I call my doc to set up an appointment and get betas drawn. We are about to go on our honeymoon (yes, we took one late). Doc sends us on our way with the congrats and have fun. U/s is scheduled for when we come back. We both count down the days while we are gone. We go in for the u/s on cloud nine even though I had been bleeding off and on. Very light bleeding and panicked phone calls reassured me that all was fine. So, hubby and I are in for u/s and doc and the tech are watching the screen in silence. Silence, not what you want when you are supposed to see your baby for the first time. Then, the words I will never forget as long as I live, “I see no evidence of a uterine pregnancy.” That is from my doc. Those few words broke me. I immediately started crying and told hubby I was sorry. Because somehow, it had to be my fault, right? I was supposed to carry our baby, protect him.I won’t go into the type of depression I slipped into. I will say that there are two things I know for a fact: 1. I didn’t know joy until I found out I was pregnant. 2. I didn’t know grief until we lost our baby.

Two weeks later and I am still bleeding and experiencing some sort of sharp pain on my right side. A call to the doc has me going in for another u/s. This time, they find a sac in my fallopian tube confirming I had a missed ectopic pregnancy. Cue all the tears and emotions all over again. Choices are given, surgery or methotrexate. I choose surgery b/c I have endo, while he is in there, he can check on it. Surgery day arrives, they have me do another pregnancy test. It’s negative. Pre-op and doc comes in, says that since my test was negative, it’s possible I have passed it on my own, I may not need surgery. But I know, I know something is wrong so I tell him to go ahead and do it. Surgery reveals an almost ruptured right tube with bleeding in my abdomen. Nothing like waking up to that and knowing that now you have missing parts. You aren’t “normal” anymore. You have to go back on BCP for three months to recover from this surgery (another LAP in less than a year) and keep the endo under control.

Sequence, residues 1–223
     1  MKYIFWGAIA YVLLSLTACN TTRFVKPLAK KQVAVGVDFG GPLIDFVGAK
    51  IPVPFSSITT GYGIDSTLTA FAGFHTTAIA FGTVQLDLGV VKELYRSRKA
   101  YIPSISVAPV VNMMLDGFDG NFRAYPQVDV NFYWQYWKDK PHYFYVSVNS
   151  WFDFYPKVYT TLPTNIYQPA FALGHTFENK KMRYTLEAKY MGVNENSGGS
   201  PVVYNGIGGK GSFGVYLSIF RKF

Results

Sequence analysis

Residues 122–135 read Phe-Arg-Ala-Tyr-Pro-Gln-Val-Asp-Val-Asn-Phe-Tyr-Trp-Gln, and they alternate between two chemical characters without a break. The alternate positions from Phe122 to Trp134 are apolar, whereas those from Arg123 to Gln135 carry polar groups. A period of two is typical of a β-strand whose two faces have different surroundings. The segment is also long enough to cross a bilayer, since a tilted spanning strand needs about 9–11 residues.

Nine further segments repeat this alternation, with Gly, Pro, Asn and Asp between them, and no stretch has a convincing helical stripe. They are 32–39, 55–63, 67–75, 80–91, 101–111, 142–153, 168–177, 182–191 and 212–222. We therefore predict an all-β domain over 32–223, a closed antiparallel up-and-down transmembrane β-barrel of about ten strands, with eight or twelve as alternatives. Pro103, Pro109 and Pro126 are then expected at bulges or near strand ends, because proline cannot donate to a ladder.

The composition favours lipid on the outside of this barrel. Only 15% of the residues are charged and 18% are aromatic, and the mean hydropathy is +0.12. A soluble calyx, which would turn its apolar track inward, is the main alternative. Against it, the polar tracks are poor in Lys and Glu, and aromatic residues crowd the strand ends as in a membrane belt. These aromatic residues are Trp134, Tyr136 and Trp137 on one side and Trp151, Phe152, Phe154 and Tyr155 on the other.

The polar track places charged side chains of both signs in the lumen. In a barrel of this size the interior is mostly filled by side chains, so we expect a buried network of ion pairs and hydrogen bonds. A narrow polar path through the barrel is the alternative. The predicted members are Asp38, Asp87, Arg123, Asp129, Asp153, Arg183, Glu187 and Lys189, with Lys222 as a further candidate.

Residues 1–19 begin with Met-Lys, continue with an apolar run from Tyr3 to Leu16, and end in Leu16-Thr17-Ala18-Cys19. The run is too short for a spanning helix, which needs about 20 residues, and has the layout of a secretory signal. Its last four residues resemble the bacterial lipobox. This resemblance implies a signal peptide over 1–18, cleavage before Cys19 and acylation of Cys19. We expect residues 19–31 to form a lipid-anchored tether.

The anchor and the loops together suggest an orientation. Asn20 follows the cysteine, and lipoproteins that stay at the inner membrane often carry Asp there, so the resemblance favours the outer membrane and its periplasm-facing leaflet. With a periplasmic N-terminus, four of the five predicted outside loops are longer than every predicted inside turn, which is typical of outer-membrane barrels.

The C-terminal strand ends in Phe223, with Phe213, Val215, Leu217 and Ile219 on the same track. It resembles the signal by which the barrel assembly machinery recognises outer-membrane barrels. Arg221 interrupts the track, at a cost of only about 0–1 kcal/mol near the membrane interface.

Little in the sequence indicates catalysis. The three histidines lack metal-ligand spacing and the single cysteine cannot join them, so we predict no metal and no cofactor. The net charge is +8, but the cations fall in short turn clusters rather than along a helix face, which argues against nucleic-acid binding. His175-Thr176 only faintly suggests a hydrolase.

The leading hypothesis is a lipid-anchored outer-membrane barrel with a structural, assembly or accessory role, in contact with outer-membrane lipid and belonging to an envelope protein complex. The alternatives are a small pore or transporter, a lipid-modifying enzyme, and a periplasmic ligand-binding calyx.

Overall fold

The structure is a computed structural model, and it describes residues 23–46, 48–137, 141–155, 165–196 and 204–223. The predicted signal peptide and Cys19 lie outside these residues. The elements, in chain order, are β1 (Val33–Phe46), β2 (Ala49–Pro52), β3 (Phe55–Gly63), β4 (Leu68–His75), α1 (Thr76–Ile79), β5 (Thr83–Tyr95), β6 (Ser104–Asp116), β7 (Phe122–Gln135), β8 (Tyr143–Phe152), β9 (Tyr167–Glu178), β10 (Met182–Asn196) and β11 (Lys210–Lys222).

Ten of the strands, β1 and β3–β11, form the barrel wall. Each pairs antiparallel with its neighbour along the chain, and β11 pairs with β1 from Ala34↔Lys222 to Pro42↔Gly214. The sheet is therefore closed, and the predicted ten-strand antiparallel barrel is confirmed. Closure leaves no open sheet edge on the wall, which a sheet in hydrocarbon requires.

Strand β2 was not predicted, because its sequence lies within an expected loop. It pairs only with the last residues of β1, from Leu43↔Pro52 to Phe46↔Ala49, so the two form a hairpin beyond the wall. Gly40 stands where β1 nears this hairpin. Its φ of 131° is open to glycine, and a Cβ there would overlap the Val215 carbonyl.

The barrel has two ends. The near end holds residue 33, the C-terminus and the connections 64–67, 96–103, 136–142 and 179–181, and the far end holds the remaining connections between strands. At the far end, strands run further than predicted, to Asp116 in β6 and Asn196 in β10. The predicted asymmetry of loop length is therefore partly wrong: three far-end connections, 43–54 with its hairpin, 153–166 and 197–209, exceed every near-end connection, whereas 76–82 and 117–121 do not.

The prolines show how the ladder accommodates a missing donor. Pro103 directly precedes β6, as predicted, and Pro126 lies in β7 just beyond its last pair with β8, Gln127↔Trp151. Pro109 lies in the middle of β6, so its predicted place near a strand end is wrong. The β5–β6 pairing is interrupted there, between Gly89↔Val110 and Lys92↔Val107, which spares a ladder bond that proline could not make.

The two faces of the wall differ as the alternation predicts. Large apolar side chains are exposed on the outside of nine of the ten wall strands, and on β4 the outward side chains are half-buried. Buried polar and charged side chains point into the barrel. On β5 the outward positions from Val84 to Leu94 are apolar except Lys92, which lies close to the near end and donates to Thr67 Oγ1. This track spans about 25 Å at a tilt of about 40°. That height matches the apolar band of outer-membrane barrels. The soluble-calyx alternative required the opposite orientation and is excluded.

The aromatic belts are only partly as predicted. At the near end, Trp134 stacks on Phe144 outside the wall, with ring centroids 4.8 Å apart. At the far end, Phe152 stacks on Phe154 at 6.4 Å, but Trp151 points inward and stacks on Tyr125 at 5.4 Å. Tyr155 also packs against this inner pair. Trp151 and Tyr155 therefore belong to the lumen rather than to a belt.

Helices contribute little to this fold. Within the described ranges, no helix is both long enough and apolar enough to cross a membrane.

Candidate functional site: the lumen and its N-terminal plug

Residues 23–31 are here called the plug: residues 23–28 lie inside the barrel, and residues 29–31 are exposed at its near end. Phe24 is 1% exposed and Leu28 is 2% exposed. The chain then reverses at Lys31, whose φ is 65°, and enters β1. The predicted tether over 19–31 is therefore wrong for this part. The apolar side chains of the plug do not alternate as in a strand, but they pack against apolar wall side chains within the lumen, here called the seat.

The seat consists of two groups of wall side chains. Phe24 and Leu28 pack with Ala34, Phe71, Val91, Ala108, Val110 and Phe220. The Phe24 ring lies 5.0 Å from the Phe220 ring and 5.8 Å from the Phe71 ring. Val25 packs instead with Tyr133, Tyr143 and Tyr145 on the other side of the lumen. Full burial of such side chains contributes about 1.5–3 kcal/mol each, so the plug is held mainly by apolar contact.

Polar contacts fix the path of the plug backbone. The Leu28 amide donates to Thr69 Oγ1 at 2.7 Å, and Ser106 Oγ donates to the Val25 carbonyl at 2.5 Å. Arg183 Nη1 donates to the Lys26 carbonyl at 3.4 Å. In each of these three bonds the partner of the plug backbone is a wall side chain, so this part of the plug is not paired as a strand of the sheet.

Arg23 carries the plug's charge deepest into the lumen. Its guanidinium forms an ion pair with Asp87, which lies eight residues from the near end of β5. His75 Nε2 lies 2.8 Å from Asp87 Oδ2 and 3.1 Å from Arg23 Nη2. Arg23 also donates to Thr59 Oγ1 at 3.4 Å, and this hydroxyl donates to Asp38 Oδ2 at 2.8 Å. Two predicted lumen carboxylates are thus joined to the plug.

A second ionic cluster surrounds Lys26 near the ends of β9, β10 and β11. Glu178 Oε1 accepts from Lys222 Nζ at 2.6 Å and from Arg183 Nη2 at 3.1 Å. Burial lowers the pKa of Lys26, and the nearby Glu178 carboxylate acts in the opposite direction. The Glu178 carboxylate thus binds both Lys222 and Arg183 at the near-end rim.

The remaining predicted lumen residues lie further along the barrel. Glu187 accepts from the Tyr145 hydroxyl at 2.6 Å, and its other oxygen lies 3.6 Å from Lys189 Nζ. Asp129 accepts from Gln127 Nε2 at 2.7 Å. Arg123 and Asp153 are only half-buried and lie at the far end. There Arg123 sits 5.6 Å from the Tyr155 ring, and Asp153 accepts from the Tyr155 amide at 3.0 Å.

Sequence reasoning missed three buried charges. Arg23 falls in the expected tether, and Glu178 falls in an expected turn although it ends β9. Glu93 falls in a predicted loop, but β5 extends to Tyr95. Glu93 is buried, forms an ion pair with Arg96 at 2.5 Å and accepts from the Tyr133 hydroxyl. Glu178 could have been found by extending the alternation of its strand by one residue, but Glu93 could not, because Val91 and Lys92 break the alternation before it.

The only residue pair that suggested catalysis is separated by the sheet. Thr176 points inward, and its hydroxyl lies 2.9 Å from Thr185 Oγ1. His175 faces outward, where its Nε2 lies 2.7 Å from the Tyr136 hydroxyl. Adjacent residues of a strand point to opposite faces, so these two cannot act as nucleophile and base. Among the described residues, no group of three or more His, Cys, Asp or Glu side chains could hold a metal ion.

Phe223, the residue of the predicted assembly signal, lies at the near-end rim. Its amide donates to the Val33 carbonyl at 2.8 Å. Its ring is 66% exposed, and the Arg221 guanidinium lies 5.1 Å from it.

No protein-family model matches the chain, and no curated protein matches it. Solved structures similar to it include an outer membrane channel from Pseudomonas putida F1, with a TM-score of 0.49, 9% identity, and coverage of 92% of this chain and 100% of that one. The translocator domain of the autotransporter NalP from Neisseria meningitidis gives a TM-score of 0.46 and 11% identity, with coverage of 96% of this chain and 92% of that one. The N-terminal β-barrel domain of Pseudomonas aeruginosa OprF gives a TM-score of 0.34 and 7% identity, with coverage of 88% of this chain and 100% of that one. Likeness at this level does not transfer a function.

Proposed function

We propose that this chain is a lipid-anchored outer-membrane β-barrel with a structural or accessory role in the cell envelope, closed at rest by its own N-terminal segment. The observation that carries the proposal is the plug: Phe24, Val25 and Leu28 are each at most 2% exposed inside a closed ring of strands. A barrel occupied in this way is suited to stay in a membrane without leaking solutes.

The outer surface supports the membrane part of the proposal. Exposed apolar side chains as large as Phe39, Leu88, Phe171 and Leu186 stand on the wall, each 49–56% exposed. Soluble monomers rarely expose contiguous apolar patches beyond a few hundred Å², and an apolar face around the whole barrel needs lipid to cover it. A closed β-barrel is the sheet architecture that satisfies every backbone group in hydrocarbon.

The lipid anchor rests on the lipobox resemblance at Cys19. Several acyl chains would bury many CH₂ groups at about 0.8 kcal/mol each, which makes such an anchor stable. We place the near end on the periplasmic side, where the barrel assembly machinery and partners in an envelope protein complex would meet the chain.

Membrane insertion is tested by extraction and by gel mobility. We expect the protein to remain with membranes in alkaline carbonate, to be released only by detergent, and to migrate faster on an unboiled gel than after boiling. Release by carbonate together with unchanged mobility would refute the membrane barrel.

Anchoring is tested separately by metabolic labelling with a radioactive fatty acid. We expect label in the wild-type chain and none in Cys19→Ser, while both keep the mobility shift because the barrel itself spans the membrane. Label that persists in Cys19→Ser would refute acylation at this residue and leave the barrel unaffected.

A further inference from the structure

Moving along from that, and here we are. Hubby and I have been trying unsuccessfully since our loss. During this time, we found out I have Poly-cystic Ovarian Syndrome (PCOS) and we were referred to a reproductive endocrinologist (RE). Nothing like that blow to really make a girl feel good. Test after test reveal that our infertility is on my end. Again, with the blows to the ego. We are now onto medicated cycles b/c it has been determined that, while I ovulate, it’s not “good ovulation”. Apparently that is doctor speak for your ovary sucks. Since my first surgery, my left ovary has taken over all ovulation processes. So now I am completely dependent on Lefty (my left tube) to pick up the eggs. Daunting when you think about it.

So now you see, now you see why I can say how to be infertile. This was the story (albeit abridged) of how my body failed me in the course of two years.